The Old City of Jerusalem

A World Heritage Site of Biblical Proportions
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The Old City of Jerusalem
Secular, Spiritual, and Surprising, Jerusalem Has It All: View over the Wailing Wall and Dome of the Rock (PhotoDisc)
Jerusalem at a Glance
Name : Old City of Jerusalem
Date of Inscription: 1981
Location: Jerusalem, Israel
Why You Should Go: No matter where you turn, a story of Biblical might has played out there.

Ten measures of beauty were bestowed
 upon the world;
 nine were taken by Jerusalem,
 and one by the rest of the world.

—Babylonian Talmud

Whether you light the menorah, attend Mass, study the Koran, or simply love beautiful, historic places, the Old City of Jerusalem has much to draw you in. The city, captured and renamed 3,000 years ago by King David, is divided into four quarters: Jewish, Christian, Muslim, and Armenian. Now Israel's capital (a sticking point in Middle East relations), the city holds some of the world's holiest sites inside its seven gates. There is the Western (or Wailing) Wall, where visitors stick scrap-paper wishes inside the stone cracks; the Temple Mount and Dome of the Rock, where Muhammad rose to heaven, where Abraham prepared to sacrifice Isaac, and where Solomon built his temple; and the Vía Dolorosa, the 14 stations of Jesus' cross-bearing procession, which you can retrace step by step.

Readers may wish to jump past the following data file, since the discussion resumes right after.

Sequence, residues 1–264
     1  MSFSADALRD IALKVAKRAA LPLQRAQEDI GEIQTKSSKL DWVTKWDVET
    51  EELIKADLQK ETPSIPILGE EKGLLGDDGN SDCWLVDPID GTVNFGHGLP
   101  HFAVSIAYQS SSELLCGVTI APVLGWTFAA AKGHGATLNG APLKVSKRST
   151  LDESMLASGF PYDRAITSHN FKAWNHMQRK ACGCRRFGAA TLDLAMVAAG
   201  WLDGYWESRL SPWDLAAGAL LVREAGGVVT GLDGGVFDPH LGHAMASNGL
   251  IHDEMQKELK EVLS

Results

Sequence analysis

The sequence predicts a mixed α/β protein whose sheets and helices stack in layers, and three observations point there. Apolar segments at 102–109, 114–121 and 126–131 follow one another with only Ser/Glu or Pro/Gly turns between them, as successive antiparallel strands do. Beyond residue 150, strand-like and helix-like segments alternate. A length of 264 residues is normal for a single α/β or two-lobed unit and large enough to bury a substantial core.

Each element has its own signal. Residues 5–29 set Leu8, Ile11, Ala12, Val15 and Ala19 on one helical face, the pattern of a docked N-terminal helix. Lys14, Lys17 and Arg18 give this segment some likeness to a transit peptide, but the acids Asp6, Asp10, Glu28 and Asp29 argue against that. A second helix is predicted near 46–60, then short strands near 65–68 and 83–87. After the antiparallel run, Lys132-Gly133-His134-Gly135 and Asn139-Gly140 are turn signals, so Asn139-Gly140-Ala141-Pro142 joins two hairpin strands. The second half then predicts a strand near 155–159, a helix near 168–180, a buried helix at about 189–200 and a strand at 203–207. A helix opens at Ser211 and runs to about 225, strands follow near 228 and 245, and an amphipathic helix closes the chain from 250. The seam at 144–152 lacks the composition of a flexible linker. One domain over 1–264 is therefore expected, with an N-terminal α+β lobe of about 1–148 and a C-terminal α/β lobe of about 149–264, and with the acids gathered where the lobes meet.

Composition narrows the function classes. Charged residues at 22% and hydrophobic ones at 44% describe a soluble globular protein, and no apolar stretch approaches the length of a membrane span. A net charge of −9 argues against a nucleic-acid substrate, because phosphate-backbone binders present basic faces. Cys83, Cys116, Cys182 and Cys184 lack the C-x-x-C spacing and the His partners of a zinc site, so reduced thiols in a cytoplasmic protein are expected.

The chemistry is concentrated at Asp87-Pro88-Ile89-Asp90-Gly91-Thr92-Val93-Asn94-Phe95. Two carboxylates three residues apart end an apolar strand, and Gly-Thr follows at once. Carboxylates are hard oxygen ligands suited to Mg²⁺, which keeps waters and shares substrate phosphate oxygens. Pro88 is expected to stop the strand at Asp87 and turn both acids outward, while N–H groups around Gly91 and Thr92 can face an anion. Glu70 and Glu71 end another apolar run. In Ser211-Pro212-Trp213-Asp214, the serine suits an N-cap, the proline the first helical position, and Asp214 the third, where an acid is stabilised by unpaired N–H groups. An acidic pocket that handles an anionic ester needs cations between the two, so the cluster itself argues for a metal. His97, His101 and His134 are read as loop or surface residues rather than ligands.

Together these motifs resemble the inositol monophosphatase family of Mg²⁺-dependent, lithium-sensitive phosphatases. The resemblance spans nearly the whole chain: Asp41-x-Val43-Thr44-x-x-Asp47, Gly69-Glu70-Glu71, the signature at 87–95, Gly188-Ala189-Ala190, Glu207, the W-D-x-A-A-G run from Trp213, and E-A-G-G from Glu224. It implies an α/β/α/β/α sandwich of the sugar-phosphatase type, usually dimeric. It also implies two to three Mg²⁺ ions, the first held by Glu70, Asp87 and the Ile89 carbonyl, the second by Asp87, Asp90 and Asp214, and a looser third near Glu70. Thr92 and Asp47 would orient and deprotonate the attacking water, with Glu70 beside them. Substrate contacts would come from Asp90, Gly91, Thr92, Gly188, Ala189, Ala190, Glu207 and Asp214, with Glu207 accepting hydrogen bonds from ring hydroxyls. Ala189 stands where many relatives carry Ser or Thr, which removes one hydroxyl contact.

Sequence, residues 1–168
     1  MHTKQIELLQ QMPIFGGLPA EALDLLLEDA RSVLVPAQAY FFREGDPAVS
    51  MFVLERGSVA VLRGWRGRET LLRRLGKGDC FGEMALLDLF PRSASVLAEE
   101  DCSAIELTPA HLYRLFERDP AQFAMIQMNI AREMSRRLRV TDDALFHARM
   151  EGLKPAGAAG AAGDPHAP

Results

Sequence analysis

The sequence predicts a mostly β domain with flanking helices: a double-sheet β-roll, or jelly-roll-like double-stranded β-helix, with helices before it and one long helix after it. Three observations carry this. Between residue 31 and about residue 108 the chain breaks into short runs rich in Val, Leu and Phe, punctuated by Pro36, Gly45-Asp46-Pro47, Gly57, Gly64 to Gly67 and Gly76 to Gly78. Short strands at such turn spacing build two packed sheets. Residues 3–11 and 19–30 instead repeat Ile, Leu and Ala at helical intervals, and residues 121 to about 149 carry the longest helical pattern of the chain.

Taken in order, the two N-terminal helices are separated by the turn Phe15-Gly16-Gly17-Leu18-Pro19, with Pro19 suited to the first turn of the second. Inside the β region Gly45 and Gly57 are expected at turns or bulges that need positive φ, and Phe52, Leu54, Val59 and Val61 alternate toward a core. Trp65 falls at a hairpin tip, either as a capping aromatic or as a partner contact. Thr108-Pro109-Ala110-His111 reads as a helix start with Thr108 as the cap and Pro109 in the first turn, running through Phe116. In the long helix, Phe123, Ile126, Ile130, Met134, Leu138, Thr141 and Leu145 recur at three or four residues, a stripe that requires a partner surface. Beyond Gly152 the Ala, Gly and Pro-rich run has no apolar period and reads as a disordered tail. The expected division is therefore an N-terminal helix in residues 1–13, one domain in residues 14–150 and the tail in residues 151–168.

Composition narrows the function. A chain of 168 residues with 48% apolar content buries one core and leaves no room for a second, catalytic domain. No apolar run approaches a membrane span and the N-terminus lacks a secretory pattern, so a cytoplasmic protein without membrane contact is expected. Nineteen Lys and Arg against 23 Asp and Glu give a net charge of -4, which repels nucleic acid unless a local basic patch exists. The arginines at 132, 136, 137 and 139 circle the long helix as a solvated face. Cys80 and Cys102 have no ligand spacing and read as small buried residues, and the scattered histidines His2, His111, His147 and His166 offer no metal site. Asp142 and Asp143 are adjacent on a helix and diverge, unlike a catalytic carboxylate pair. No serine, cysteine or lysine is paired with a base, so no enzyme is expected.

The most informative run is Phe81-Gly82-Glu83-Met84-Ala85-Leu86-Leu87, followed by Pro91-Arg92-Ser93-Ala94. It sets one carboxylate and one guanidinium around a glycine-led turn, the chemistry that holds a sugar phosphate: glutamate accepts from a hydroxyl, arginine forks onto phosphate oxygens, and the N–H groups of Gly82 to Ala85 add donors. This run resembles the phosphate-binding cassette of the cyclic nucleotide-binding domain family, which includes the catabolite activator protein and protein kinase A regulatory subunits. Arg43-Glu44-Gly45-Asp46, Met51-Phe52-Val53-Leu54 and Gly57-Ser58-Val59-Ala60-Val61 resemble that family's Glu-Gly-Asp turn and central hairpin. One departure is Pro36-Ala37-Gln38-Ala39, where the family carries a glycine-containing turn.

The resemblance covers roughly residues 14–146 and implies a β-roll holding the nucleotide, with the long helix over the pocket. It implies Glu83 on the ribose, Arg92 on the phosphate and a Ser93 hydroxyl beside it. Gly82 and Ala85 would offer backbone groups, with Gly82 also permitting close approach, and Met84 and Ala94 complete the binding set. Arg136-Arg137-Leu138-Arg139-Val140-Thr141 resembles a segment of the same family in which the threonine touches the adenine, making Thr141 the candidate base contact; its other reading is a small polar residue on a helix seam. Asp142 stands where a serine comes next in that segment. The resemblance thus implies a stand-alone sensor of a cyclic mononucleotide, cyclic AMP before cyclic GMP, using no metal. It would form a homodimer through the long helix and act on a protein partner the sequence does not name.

In between these holy sites are smaller but equally powerful attractions, some spiritual, some secular: the Tower of David, Mount Zion cemetery, the Church of the Holy Sepulchre, the Mount of Olives, and hundreds of stalls stuffed with great crafts that represent the city's many cultures.

The Old City of Jerusalem is about 30 miles (35 km) from the airport and is best reached by shared taxi, called sherut. Once inside the fortified walls, all you need is a sturdy pair of boots, as the Old City is made for walking. However, with the precarious political situation as well as the sacred nature of the sites, be aware of varying customs as you flow between ethnic sections, and be sure to dress modestly. You can stay in or around the sacred city, with many cheap accommodations found along “Hostel Way,'”near Damascus Gate.

A globetrotter and travel writer, Andrea Sachs contributes frequently to the Washington Post.

Published: 1 Jun 2000 | Last Updated: 14 Sep 2010
Details mentioned in this article were accurate at the time of publication



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